The national Black Lives Matter protests during the spring and summer of 2020 led to discussions of institutional racism, sparking a crucial conversation about whether or not it is ethical for buildings and institutions to be named after slaveholders, Confederate figures or other known racists. Public school districts across the country have voted toward renaming their schools named after past presidents, but much of this change is small-scale and slow-moving, and most racist namesakes still remain. Lewis & Clark is no exception to this conversation, as Meriwether Lewis and William Clark themselves were slave owners and contributed to the colonization of Indigenous lands.
On Oct. 12, the official LC Instagram (@lewisandclarkcollege) posted about the land on which LC is located, in recognition of Indigenous Peoples Day. In the post, European colonizers were referred to as “newcomers,” which was met with criticism from many LC students. To them, this felt like an attempt to romanticize Lewis and Clark’s history of colonization during their expedition in the early 19th century, in which they “discovered” the newly-acquired land through the Louisiana Purchase. People took to the comments section to express their dissatisfaction with the post and suggest that LC’s name should be changed.
In a similar vein, ASLC posted an Instagram story this past summer asking for suggestions for a name change for the college. Some student suggestions were posted, and many suggested a return to “Albany College” or drew inspiration from the neighboring Tryon Creek State Natural Area with “Tryon College.” Other suggestions were along the lines of “Sacagawea College” or “Multnomah College.” I immediately took issue with the latter two names, not because of the people they are named after, but because of our lack of authority to use such names.
According to LC’s Common Data Set, over 63% of LC undergraduate students are white, earning LC the unofficial classification as a predominantly white institution. Only seven American Indian or Alaska Native, non-Hispanic students attended the school during the 2019-20 academic year. For this reason, we have absolutely no right to name our school after Indigenous peoples or lands. Names such as “Sacagawea College” or “Multnomah College” would be inappropriate, as they would only misrepresent Sacagawea and the Multnomah people. The Multnomah people no longer exist as a distinct tribe and many reside in the Confederated Tribes of Grand Ronde southwest of Portland and the Warm Springs Indian Reservation in eastern Oregon. However, it would still feel as though LC were taking advantage of a cultural name with very few ties to the school. It would become obvious that the college only adopted such a name to appear more diverse or equality-focused, when that may not be an accurate reflection of the school. If LC were to have a larger focus on bringing in more Indigenous students and students of color, perhaps such a name would be more appropriate, but the demographics reflect that this is unfortunately not the case.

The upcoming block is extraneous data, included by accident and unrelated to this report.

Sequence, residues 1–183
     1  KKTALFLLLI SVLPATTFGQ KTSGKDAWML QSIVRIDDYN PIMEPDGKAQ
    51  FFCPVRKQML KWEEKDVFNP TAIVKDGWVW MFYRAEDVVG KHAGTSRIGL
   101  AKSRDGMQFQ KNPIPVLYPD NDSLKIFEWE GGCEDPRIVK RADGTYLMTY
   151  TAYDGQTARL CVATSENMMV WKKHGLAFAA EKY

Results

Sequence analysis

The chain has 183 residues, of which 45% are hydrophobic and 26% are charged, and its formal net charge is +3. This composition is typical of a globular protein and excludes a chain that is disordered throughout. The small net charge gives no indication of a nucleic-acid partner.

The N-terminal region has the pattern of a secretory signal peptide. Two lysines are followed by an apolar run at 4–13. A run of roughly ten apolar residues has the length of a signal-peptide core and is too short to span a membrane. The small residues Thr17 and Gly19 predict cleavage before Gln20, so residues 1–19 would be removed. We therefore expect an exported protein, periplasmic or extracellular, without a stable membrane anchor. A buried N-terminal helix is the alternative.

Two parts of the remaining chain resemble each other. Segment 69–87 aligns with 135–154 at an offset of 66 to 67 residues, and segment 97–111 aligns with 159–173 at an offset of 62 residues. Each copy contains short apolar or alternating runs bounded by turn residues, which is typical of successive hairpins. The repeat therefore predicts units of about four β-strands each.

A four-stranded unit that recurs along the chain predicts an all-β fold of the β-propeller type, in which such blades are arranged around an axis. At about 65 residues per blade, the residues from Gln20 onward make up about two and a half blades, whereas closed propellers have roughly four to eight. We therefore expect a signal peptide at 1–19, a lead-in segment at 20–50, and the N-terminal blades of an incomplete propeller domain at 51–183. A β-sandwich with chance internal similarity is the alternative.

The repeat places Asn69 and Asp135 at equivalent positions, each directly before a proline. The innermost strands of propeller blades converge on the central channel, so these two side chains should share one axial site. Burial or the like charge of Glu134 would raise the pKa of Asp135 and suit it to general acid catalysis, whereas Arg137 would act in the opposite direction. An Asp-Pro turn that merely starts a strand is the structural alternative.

Where can we find a middle ground? LC has had the same name for almost 80 years. Reverting back to “Albany College” might seem easy and simple, but LC’s campus is nowhere near Albany, Oregon. Regardless of what the name could be changed to, this is an issue LC will not be able to easily resolve, at least not within the next several years. Widespread approval by administrators and trustees would be needed, and rebranding all merchandise and signage would be a significant financial burden on a school that has been struggling financially for years. Additionally, LC already has little name recognition, and changing the name would make fundraising and recruiting new students more difficult. However, if students feel passionate about it, it needs to be taken further than Instagram comments and story suggestions. Contacting LC administrators is often the simplest place to start, in order to get the conversation moving.
ASLC’s post over the summer was only a conversation starter, and according to them, LC is not actively considering a name change. By no means do I intend to defend LC’s current name, nor do I think we should ignore the history of Lewis and Clark by keeping the name. However, if the objective is to avoid a controversial name, an Indigenous namesake at a school with the demographics LC has could be as much of an issue as a racist one. Quickly choosing an Indigenous name to appear more diverse and appease unhappy students would be a weak solution, and would possibly become problematic in the future. This should be a discussion retained over the coming years, though the perfect solution is not yet apparent. Despite the necessary conversations 2020 has brought forth, it is extremely likely that by the time we graduate, our degrees will still read “Lewis & Clark College.”
This article presents opinions held by the author, not those of The Pioneer Log and its editorial board.